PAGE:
HTF REVIEW: "Antwone Fisher" (HIGHLY RECOMMENDED) (with screenshots)

Discussion in 'DVD' started by Ronald Epstein, Apr 29, 2003.

  1. Ronald Epstein

    Ronald Epstein Administrator

    Jul 3, 1997
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    Real Name:
    Ronald Epstein

    Antwone Fisher

    Studio: Twentieth Century Fox
    Year: 2002
    Rated: PG-13
    Film Length: 120 minutes
    Aspect Ratio: 16X9 Enhanced Widescreen (2.35:1)
    Subtitles: English & Spanish

    Inspired by a true story

    Wow! Hand me a tissue! I don't readily like to
    admit this when it happens, but I have just been
    moved to tears by Antwone Fisher, a highly
    enjoyable and touching warm-hearted film that I am
    going to spend the rest of this review talking
    favorably about. Let me dry my eyes first....


    Written and co-produced by Antwone Fisher himself,
    this is the story an angry young man who struggles
    to put his harsh and often violent past behind him
    and move on. The film opens to a dream sequence
    where we find a little boy standing in a sunlit
    field, as his family takes him by the hand and
    welcomes him to a table laid with delectable dishes
    of food and pancakes piled high with melting butter.
    Such happiness can only be found in the farthest
    reaches of Antwone's mind, for when he awakens he
    deals with the harsh realities of a frustrated life.


    Fisher (Derek Luke) has had a very difficult life.
    Born in a Correctional Facility to a drug-addicted
    mother, his father murdered months before he's born,
    Antwone was faced with growing up with an abusive
    Foster Mother named Mrs. Tate (Novella Nelson)
    who spent most of the day berating and abusing the
    boys under her care. Soon he wound up back in an
    orphanage until he was eighteen, then joined the
    Navy in an effort to make something of his life.


    Now at the age of 25, Antwone is a Navy man finding
    himself in constant trouble for fighting with other
    sailors. His disciplinary troubles cause him to
    wind up in the office of a Navy psychiatrist,
    Jerome Davenport (Denzel Washington), who through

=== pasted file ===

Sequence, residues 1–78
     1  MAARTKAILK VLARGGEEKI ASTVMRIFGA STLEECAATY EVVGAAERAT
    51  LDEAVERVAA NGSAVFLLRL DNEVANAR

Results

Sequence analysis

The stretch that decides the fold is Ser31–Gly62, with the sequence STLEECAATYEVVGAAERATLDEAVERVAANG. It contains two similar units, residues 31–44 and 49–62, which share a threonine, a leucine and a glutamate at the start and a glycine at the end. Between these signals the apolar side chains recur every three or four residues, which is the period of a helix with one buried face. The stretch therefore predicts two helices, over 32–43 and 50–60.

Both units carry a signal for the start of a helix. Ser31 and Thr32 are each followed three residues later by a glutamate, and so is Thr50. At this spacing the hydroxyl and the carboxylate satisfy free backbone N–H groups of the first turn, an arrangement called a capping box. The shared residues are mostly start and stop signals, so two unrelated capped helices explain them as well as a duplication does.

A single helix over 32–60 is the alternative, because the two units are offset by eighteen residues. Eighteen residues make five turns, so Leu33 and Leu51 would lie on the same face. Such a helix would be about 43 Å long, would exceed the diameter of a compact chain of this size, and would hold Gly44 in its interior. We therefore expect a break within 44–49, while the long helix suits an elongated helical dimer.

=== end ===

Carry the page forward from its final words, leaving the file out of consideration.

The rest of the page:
various flashbacks, begins to learn the terrible
    ordeals of Antwone's childhood. Davenport urges
    Antwone to channel his anger toward more positive
    things, and soon, we find the young man striking up
    a relationship with Cheryl (Joy Bryant), who
    ultimately becomes his most trustworthy friend,
    offering balance to his life.

    Davenport feels that Antwone needs to find closure
    in locating his original family. With that, Antwone
    and Cheryl go on a quest to find fulfill Fisher’s
    dream and find the family that he never knew. The
    results of this journey, I guarantee, will bring
    a river of tears to your eyes.


    Just the fact that Antwone Fisher is based
    on a true story makes this film even more of an
    uplifting experience. Think it's sort of odd that
    Antwone himself co-produced this film? Story is,
    he was working as a security guard at Sony Pictures
    Studio 10 years ago when he wrote the story of his
    life. Producer Todd Black saw the story and hired
    Fisher to write the screenplay.

    It's also worthy to note that Antwone Fisher
    features two amazing debutes from in front of and
    behind the camera. This film marks the directorial
    debut of Denzel Washington, who proves himself to be
    a confident director who remains focused, telling
    this story with the utmost dignity. Then there's
    newcomer Derek Luke who went from working in a gift
    shop to starring in this major motion picture. Derek
    was a perfect casting choice -- he gives us a worthy
    heartfelt performance.

    How is the transfer?

    In a word -- amazing! Fox has given us an absolute
    crisp transfer that is so perfect in every aspect
    that I find absolutely no faults. While watching
    this film, I could not help but to be impressed with
    the crispness of this transfer. Images are razor-sharp,
    sporting outstanding image detail and sharpness.
    Black levels are virtually perfect and there is not
    a speck of background noise or grain. This is one
    of those rare moments where you can see real texture
    and depth within the transfer.